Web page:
Why is this political crisis different from all the others?

It's different because Republicans are badly divided over the government shutdown while Democrats are united. President Obama and his party want to say, firmly and unequivocally, that they will never again give in to the Republicans' abuses of the governing process -- or to their willingness to risk catastrophe. In the GOP, by contrast, there was buyer's remorse about the party's current adventure even before it began.

It's different because the Republicans are causing fiscal chaos over an issue quite apart from normal budget wrangling, and making a demand -- for gutting the Affordable Care Act -- that they know Democrats, especially the president, cannot meet.

It's different because the new health care system got up and running on the very day the shutdown began. Conceding to the GOP would take health insurance away from people and ruin a program for which we now know there is a public appetite. It's not going to happen.

It's different because Obama is different. In the past, he was always ready to negotiate and typically went out of his way not to cast showdowns in partisan terms. This time, he's freely calling out "House Republicans" as the culprits. He's confident in asserting that serious talks can take place only if Republicans stop using threats to the country's well-being as bargaining levers.

And it's different because the Republicans have no coherent strategy. Their leaders, as one Republican put it to me, have been laying track just ahead of the train as it roars forward.

They are making insulting offers -- for example, proposing to fund a few parts of the government that they cherry-pick while allowing the rest to languish. House Speaker John Boehner's approach has been driven by fear: fear of the most right-wing House members, fear of rabid talk-show hosts, fear of the Frankenstein monster of fanatical organizations the party has relied upon to gin up the faithful.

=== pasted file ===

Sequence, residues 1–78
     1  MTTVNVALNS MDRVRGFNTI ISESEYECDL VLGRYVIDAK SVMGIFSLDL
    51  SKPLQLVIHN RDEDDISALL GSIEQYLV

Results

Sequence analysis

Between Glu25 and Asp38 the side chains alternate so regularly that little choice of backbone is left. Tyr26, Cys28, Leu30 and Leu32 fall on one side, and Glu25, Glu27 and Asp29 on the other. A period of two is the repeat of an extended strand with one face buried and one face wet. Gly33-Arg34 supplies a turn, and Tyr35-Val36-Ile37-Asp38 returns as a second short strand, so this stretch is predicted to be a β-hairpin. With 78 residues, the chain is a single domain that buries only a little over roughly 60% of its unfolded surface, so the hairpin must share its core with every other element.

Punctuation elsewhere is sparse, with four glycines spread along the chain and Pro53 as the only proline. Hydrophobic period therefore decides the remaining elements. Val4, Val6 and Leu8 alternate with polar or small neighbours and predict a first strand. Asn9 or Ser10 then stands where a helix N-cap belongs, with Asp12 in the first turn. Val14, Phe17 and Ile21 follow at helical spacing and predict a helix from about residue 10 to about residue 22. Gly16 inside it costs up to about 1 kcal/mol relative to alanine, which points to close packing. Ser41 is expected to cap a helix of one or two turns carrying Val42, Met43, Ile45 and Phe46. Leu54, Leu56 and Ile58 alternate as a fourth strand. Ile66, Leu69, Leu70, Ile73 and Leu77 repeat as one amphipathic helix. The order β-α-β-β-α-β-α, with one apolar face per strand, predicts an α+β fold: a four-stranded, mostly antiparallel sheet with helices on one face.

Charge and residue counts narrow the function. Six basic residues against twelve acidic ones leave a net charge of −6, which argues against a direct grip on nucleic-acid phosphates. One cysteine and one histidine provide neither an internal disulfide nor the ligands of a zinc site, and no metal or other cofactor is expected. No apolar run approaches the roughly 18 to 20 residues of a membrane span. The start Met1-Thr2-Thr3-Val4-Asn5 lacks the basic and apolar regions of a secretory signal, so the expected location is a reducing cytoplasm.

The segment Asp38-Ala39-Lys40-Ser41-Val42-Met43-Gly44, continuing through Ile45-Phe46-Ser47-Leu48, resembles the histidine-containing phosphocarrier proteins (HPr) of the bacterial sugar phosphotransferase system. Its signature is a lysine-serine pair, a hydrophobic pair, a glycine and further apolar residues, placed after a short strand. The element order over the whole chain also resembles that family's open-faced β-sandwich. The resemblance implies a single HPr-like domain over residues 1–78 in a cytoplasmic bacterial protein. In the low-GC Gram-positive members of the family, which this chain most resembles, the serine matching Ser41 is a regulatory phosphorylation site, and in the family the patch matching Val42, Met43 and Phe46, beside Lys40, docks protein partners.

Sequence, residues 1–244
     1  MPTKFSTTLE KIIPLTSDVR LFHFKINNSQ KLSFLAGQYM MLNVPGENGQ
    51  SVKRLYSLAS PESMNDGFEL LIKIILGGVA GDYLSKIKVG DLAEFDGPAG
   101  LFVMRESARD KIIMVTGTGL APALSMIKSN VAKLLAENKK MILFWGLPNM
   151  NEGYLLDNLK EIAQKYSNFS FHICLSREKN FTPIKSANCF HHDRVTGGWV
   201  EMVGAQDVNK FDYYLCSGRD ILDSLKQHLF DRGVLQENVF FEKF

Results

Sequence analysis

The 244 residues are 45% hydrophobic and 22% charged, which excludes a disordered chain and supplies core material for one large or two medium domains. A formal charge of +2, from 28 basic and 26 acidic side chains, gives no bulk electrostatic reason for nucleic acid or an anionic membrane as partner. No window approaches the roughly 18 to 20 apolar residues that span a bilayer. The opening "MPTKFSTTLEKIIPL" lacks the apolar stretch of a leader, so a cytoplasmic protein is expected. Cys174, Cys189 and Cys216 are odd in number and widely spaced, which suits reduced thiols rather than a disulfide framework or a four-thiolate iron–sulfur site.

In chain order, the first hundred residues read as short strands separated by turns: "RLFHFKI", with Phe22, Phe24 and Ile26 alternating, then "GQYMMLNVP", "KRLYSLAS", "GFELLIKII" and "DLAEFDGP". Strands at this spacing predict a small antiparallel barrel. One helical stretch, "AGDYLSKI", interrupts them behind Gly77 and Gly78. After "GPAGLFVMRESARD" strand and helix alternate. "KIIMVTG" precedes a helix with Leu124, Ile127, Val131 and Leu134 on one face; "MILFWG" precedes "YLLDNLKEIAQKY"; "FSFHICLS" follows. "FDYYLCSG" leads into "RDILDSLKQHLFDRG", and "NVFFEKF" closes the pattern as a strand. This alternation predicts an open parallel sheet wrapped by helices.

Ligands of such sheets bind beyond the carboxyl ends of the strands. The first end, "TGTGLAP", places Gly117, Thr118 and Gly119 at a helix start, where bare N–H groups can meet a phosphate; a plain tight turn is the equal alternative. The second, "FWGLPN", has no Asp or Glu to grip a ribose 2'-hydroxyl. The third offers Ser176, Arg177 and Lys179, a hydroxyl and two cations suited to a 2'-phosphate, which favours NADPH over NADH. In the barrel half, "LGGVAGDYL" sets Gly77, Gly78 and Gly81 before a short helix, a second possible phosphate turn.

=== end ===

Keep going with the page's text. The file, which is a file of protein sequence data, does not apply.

The greatest insult Republicans issued was to the men and women who work for them. The GOP's claim that members of Congress and their employees have an "exemption" from Obamacare is a lie. On the contrary, they are the only people in the country with an existing employer health plan who have been required to buy insurance on the ACA's exchanges.

These are people who labor daily to make their bosses look good. Now Republicans have actually proposed that among the people in the country who already have insurance, these tireless souls become the only ones to give up the employer contribution to their premiums. This amounts to a pay cut ranging from about $5,000 for individuals to $12,000 for those with family coverage. I guess this is a pittance to politicians who spend their time thinking about millionaire "job creators."

Maybe House Republican staffers should form a union.

This cynical attack on the living standards of their own really does show how entirely phony and political (in the very worst sense of that word) Republicans have been in creating this crisis. The government is shut for only one reason: Boehner wants to keep his job. This is not a sufficient cause for throwing hundreds of thousands of other people out of theirs. "This is the conservative right versus the reckless right," said Rep. Chris Van Hollen, the ranking Budget Committee Democrat. "The country should not become the victim of the Republican civil war."

Which is why the only way out is for the growing number of Republicans on the responsible side of the skirmish to insist that the whole charade be called off. There should be negotiations all right, but on real budget issues, and for the long term -- after the government is opened and the debt ceiling is raised. The House and Senate could then engage in the kind of normal compromise-seeking discussions that the GOP has so far resisted.

The right-wing minority that has plunged government into chaos should be treated for what it is: a narrow slice of public opinion whose power has been amplified by gerrymandered districts and a far-right echo chamber. It cannot expect to dictate to the nation's majority.

The last election should have set the Republican Party on a more constructive path. Unfortunately, the governing wing of the GOP is still intimidated by the apocalyptic wreckers. This embarrassing chapter can only end when the wreckers are pushed to the sidelines. There, they will be free to spin their fantasies without endangering the republic.

E.J. Dionne is a writer with the Washington Post.